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Blood Cells Mol Dis. 2005 Jan-Feb;34(1):17-25.

Mice with a regenerative wound healing capacity and an SLE autoimmune phenotype contain elevated numbers of circulating and marrow-derived macrophage progenitor cells.

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Endogeny Bio Corporation, 9700 Great Seneca Highway, Rockville, MD 20850, USA.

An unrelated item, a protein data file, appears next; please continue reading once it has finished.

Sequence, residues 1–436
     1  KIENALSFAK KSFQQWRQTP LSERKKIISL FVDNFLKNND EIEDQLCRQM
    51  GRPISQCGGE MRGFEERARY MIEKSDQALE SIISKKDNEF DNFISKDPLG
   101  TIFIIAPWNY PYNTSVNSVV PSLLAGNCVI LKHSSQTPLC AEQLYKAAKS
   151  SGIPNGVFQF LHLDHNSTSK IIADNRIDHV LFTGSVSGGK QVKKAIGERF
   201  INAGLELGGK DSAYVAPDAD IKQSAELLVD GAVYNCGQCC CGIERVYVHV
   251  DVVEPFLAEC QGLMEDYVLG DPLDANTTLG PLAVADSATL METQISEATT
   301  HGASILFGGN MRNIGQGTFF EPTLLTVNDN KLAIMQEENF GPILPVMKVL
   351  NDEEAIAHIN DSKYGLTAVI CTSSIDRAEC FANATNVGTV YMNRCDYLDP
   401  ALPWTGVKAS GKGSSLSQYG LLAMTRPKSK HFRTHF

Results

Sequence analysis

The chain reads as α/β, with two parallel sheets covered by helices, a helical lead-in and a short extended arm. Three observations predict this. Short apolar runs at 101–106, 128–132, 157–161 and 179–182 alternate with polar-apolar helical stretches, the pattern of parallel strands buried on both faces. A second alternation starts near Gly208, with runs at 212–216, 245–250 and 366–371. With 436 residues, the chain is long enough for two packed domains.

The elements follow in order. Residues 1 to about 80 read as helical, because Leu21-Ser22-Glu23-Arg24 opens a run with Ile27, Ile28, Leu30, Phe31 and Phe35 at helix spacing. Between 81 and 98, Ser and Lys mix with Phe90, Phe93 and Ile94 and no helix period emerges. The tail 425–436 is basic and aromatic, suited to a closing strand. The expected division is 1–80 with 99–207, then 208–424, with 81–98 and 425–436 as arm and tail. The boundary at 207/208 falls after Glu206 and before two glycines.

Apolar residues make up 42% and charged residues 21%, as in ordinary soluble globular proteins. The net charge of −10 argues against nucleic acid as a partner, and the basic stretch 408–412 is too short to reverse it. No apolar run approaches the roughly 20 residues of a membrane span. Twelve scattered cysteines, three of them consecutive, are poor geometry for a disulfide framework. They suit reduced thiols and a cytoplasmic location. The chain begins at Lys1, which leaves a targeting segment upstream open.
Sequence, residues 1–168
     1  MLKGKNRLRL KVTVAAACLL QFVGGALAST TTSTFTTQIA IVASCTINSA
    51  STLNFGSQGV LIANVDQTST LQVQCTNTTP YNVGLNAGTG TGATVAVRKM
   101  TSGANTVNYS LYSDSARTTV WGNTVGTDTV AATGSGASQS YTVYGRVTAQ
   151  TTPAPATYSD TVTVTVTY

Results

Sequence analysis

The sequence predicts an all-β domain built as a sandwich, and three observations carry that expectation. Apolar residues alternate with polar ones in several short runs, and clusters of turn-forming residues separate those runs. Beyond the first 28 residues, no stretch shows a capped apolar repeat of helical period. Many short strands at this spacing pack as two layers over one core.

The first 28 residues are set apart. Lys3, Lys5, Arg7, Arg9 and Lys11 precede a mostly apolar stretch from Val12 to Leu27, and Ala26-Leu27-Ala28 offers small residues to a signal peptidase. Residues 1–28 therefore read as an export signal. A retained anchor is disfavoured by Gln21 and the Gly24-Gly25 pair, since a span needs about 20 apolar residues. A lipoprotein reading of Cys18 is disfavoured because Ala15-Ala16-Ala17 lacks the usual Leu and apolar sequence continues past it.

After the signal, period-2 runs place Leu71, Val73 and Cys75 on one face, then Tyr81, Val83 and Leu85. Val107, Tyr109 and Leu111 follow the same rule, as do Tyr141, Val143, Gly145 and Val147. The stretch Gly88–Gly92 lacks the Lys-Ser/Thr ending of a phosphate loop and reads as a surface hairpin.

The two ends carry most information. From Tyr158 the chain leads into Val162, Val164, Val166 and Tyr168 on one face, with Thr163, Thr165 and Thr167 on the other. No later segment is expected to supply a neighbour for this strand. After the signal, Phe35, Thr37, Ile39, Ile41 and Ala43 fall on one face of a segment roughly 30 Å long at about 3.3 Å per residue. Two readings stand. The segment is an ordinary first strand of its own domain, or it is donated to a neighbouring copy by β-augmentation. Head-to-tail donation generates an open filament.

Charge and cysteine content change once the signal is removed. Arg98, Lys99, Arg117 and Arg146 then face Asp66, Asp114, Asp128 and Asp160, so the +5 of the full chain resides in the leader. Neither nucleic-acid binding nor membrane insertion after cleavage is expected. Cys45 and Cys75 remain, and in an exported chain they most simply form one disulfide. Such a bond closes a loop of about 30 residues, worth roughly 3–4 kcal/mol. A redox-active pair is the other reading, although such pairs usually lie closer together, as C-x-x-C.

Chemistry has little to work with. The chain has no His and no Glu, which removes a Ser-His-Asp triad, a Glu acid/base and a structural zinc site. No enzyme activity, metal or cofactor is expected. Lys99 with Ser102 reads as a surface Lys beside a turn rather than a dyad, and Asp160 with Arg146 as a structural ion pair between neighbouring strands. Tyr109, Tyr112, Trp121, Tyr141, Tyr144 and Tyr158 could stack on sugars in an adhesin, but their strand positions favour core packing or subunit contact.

Mice from the MRL strain are prone to develop systemic lupus erythematosus (SLE) and have demonstrated accelerated wound healing and scarless tissue regeneration; however, many of the mechanisms involved in these clinically relevant pathologies are unclear. Prior studies have described macrophage accumulation and functional defects in mice prone to lupus. Monocyte-macrophages have also been shown to have a high degree of plasticity. To determine whether there might be innate differences in the hematopoietic systems of MRL mice, we evaluated hematopoietic progenitor cell content in a variety of tissues and the proliferative responses of derived marrow and thioglycolate (TG)-elicited peritoneal macrophages. Our experiments reveal that MRL mice have significantly lower numbers of circulating blood leukocytes and platelets. Even more strikingly, we found that MRL blood and marrow contain an unusually robust number of unique and assayable macrophage colony-stimulating factor responsive cells which have the characteristics of macrophage colony-forming cell precursors. In culture, in contrast to cells derived from control C57BL/6 mice, this cell type and thioglycolate-elicited peritoneal macrophages from MRL mice can be extensively expanded with just macrophage colony-stimulating factor to acquire an in situ "f-mac-like" (see Y. Zhao, D. Glesne and E. Huberman, A human peripheral blood monocyte-derived subset acts as pluripotent stem cells. Proc. Natl. Acad. Sci. U.S.A. 100, (2003) 2426-2431.) morphology when plated on plastic surfaces. Our results suggest that these increased numbers of macrophage progenitor cells and their potential differentiation plasticity may play a functional role in the onset of systemic lupus erythematosus and may also contribute to the accelerated and scarless tissue regenerative repair response observed in MRL mice.

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